Tune In to Find Out if Your Child Is Developing Normally
WebMD News Archive
March 28, 2000 (Atlanta) -- Television may turn out to be a useful tool for
assessing development in young children, according to an observational study
published in the March 25 issue of the British Medical Journal. Some
British researchers say it may help pediatricians determine if a child who is
not yet talking at 18 to 24 months has a learning problem. But other
pediatricians are not convinced of its value.
"One thing [we] are concerned about is learning difficulties because
they are not going to go away," lead author Ben Lloyd, MD, tells WebMD.
"That is an important diagnosis. But trying to assess the abilities of a
child who is not talking is quite difficult, so you need some good questions
[to ask the parents]." Lloyd is a consultant pediatrician at the Royal Free
Hospital in London.
One of the questions Lloyd and his colleagues have started using is,
"Does your child recognize the picture of a cat, dog, or baby on the
"In order to [recognize a cat, dog, or baby on TV], I think you have got
to be of reasonable intelligence and you have got to want to communicate,"
he says, adding that they chose cats, dogs, and babies because those appear to
be the first things young children recognize.
To determine at what age most developmentally normal children recognize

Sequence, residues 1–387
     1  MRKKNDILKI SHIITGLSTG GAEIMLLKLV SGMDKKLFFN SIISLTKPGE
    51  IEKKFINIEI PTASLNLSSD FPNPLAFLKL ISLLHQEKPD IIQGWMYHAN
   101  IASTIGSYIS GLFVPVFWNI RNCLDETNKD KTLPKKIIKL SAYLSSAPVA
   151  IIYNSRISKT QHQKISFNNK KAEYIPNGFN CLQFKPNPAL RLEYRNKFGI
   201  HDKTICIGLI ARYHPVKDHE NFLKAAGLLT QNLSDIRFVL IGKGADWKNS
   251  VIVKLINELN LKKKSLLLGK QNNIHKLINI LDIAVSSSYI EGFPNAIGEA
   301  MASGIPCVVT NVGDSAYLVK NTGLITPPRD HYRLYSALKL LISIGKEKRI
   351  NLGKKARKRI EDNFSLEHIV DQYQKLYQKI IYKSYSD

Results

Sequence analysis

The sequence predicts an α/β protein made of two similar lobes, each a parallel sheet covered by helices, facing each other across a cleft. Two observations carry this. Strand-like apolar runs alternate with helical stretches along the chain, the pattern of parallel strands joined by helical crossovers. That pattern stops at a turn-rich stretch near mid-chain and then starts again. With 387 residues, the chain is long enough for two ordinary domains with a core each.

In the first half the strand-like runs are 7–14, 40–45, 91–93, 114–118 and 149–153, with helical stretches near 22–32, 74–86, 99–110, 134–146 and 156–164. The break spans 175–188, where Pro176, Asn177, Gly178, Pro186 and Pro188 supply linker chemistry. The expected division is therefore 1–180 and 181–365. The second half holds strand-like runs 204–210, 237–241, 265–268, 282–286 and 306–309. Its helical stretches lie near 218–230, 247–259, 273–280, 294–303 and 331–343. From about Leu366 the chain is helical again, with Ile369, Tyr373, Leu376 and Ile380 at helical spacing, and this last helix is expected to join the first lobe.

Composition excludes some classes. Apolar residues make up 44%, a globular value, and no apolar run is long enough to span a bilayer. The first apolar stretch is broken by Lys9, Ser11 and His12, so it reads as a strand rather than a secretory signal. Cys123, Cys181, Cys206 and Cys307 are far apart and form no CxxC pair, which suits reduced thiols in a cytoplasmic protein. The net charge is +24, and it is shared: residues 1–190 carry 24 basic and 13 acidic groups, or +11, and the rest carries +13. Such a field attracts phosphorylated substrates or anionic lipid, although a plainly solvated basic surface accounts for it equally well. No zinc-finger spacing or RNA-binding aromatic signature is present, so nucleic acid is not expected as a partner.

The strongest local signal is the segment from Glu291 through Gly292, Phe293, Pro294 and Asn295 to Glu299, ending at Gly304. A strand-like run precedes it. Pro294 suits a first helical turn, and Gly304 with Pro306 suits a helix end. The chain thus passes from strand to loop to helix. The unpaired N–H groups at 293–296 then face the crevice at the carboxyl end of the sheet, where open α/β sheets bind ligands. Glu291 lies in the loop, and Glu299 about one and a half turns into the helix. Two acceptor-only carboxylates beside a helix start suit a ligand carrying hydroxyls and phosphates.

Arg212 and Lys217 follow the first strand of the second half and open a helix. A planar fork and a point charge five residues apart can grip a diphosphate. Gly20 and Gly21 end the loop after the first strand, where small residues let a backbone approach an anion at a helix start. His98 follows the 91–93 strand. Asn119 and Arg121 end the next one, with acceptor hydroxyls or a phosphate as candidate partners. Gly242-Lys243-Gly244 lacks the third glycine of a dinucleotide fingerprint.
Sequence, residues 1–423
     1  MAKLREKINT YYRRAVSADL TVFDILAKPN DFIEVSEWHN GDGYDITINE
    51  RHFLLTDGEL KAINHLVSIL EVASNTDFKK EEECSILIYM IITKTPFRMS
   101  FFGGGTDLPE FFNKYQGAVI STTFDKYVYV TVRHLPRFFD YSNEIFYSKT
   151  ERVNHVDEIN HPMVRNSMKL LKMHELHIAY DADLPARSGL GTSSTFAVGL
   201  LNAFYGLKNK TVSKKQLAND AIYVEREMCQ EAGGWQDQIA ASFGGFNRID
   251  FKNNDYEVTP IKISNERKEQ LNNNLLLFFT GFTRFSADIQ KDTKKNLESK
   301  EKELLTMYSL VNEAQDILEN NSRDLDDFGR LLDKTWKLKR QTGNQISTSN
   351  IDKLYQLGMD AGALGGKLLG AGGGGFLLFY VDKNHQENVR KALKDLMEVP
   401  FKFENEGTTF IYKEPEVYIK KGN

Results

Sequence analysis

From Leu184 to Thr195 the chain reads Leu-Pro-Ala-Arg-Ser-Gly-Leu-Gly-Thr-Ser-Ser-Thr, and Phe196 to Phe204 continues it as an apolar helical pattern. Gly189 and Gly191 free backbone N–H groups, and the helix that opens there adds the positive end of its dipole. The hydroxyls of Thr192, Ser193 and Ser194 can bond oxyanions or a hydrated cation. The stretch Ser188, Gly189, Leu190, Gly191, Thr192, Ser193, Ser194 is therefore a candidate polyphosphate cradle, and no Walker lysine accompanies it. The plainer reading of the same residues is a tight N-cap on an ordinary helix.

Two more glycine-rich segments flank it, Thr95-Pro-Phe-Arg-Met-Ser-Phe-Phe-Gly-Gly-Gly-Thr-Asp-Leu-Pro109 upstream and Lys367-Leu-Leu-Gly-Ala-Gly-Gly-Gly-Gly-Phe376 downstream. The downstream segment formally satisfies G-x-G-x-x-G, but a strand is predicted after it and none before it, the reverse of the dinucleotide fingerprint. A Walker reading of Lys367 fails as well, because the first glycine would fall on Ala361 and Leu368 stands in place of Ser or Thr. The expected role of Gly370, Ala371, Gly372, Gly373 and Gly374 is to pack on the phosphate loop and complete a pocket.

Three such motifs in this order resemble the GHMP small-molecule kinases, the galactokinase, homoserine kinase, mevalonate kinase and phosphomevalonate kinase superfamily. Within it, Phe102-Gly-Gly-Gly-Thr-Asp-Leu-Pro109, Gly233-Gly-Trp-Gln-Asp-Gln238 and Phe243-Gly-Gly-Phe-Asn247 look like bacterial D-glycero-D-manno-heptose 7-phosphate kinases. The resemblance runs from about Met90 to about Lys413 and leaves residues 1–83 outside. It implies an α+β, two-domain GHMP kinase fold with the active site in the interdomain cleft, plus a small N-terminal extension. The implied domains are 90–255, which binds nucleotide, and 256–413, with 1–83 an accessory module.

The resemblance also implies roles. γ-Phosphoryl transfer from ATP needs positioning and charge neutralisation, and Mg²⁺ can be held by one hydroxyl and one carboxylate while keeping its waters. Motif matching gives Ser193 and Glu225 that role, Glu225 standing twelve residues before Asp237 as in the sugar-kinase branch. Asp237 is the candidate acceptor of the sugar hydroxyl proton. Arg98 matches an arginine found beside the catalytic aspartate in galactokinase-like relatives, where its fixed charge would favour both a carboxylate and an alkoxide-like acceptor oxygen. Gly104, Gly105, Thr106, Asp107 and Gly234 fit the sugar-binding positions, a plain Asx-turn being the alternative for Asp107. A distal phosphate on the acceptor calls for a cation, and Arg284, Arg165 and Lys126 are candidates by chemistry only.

those images, Lloyd questioned the parents of almost 800 children between the
ages of 8 and 23 months old, as well as the parents of 26 18-month-old children
with Down's syndrome.
If a parent responded that their child did indeed recognize the television
image of a cat, dog, or baby, they were asked, "How do you know?" The
researchers concluded that a child recognized the image if he or she named,
imitated, or pointed at the image. Becoming excited or patting the screen was
not considered sufficient evidence.
"We identified that by 18 months, 96% of the children are reported to
recognize a cat, dog, or baby on the television screen," says Lloyd. By
contrast, only 19% of children with Down's syndrome were reported to identify
those images at 18 months.
Lloyd asks parents if their child recognizes these TV images as one of
several questions asked to evaluate a child's development when there is a
developmental concern. "I ask other questions, like, 'Does she help around
the house? Does she follow simple instructions?'" he says.
One advantage of the TV image recognition question is that parents
understand it and "they can answer it clearly." Whereas, Lloyd finds
that other developmental questions asked of parents, like "Does he follow
instructions?" are not always easy for them to answer.
"As a technique, [recognition of TV images] is not a particularly
sophisticated one," Renee Wachtel, MD, tells WebMD in an interview about
the study. "They asked parents at what age they thought their child could
recognize these different things on television, which is really quite different
than actually testing the children to see what they could, in fact, recognize.
So it is very second hand in that regard." Wachtel is a professor of
pediatrics and director of developmental and behavior pediatrics at the
University of Maryland School of Medicine.